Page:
[11] A settlement will ordinarily be approved if the sanctions agreed to by the parties are within a reasonable range of appropriateness in light of the facts admitted in the settlement agreement, taking into account the settlement process and its benefits as well as mitigating factors. Similarly, a panel, after a contested hearing, may or may not have found facts that are the same or different from those agreed to by the parties. In addition, even if substantially the same facts were found by the panel following a contested hearing, other sanctions than agreed might be imposed by such a panel.

[12] A panel considering a proposed settlement must rely on Staff's negotiations in reaching the settlement. A panel cannot know of potential facts that are excluded in the settlement agreement or the range of sanctions that were considered. A panel can only rely upon the facts agreed to by Staff in the settlement agreement and the context and responses to questions from the panel provided by the parties in a confidential settlement conference convened pursuant to Rules 12.1 to 12.5 of the Ontario Securities Commission Rules of Procedure (2014), 37 OSCB 4168. Such a conference was held in this matter in June of this year.

[13] In the case of a settlement, a Commission panel must be satisfied that the settlement is fair and reasonable and the approval of the settlement is in the public interest, based on the facts and sanctions agreed to by the parties, in light of applicable regulatory principles, prior Commission sanctions and the regulatory settlement process.

[14] The purpose of the Commission's sanctioning authority is to protect investors and the fair operation of our securities markets and to deter, both specifically and generally, future conduct that is inconsistent with securities laws or the public interest. These goals are furthered by seeking to ensure that public companies respect their continuous disclosure obligations and advise the marketplace of material changes on a timely basis. Once an internal investigation or other processes have produced concrete information rising to the level of a material change, disclosure is required unless confidential treatment of such information is sought and afforded by the Commission in accordance with Ontario securities law.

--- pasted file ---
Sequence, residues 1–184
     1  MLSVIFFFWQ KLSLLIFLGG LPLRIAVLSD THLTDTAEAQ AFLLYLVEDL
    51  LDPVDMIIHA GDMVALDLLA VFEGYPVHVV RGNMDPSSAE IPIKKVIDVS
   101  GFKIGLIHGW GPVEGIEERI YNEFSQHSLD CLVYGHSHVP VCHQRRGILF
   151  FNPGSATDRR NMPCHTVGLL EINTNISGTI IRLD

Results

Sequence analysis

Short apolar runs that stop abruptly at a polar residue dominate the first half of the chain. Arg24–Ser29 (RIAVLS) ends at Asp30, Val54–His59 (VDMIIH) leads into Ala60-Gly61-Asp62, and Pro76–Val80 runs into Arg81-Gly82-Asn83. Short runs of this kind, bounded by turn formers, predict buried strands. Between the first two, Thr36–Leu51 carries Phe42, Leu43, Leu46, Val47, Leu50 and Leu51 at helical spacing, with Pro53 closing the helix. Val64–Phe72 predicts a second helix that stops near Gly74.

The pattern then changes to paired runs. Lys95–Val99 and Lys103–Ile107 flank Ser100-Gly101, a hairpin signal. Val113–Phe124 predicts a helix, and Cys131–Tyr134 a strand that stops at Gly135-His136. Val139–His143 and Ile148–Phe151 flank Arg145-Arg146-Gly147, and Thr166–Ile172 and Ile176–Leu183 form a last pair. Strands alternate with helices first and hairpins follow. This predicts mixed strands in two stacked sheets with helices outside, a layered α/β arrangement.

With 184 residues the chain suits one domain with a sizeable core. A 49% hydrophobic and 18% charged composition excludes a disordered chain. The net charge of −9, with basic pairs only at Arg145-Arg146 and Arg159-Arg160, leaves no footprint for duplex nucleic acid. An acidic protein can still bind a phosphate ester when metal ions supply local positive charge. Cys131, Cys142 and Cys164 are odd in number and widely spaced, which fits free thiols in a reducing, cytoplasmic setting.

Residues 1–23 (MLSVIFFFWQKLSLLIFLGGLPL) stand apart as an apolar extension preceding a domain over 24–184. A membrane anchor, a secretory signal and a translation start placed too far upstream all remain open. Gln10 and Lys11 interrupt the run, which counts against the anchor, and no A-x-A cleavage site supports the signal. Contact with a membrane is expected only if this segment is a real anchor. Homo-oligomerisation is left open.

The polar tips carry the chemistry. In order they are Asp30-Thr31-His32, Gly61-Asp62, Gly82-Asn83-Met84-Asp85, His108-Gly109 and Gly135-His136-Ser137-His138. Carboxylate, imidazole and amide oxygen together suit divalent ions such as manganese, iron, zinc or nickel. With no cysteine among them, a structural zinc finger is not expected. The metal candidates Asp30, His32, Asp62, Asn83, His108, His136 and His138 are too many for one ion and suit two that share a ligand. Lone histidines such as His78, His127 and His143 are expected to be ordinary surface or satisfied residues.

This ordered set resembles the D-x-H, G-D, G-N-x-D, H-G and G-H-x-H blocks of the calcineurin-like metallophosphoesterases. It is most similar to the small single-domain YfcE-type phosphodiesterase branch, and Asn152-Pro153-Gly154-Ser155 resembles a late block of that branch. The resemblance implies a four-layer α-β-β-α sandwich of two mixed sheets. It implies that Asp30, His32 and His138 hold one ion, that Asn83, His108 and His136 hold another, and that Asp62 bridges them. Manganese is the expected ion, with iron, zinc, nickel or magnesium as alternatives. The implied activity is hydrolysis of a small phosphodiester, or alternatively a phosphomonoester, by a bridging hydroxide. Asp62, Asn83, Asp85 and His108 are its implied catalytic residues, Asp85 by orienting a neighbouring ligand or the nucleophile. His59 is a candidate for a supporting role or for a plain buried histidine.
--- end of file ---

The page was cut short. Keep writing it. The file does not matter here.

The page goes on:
[15] In this case, we have concluded that approval of the Settlement Agreement with HCG, Gerald Soloway, Robert Morton and Martin Reid is in the public interest on the basis of the Agreed Facts and the agreed sanctions are within a reasonable range of appropriate sanctions.

[16] HCG has made a payment held in trust by its attorneys in the amount of $10 million for the benefit of the proposed class in the pending Ontario class action, excluding certain related parties of HCG defined as "Excluded Persons".

[17] HCG shall conduct a review and deliver to Staff a report concerning its continuous disclosure practices and any changes proposed and/or implemented as a result of its review.

[18] HCG has paid costs of the Commission related to this matter in the amount of $500,000.

[19] Each of the individual respondents shall be reprimanded.

[20] Each of the individual respondents shall immediately resign any position that any of them hold as an officer or director of a reporting issuer.

[21] Mr. Soloway is prohibited from becoming or acting as an officer or director of any reporting issuer for four years.

[22] Mr. Morton and Mr. Reid are each prohibited from becoming or acting as an officer or director of any reporting issuer for two years.

[23] Mr. Soloway has paid an administrative penalty in the amount of $1 million to the Commission, which amount is designated for allocation or use by the Commission in accordance with subsection 3.4(2)(b)(i) or (ii) of the Securities Act, RSO 1990, c S.5 (the "Act").

[24] Mr. Morton and Mr. Reid have each paid an administrative penalty in the amount of $500,000 to the Commission, which amounts are designated for allocation or use by the Commission in accordance with subsection 3.4(2)(b)(i) or (ii) of the Act.

[25] The payments being held in trust for the benefit of the investors and the administrative penalties have been paid and the terms and conditions of the Settlement Agreement demonstrate the individual respondents' acceptance of responsibility for HCG's admitted disclosure failings. This acceptance is highlighted by the individual respondents' agreement to attend at this hearing and be reprimanded. Mr. Soloway, Mr. Morton and Mr. Reid, you are each hereby reprimanded.

[26] For all of these reasons, the panel has determined to approve the Settlement Agreement and will sign an order substantially in the form of the order in Schedule "A" to the Settlement Agreement. With that, the panel wishes to thank all counsel for their helpful submissions in the settlement conference that preceded this hearing and in this hearing. The hearing is now concluded.

Dated at Toronto this 9th day of August, 2017.

"D. Grant Vingoe"
"Timothy Moseley"
"Garnet Fenn"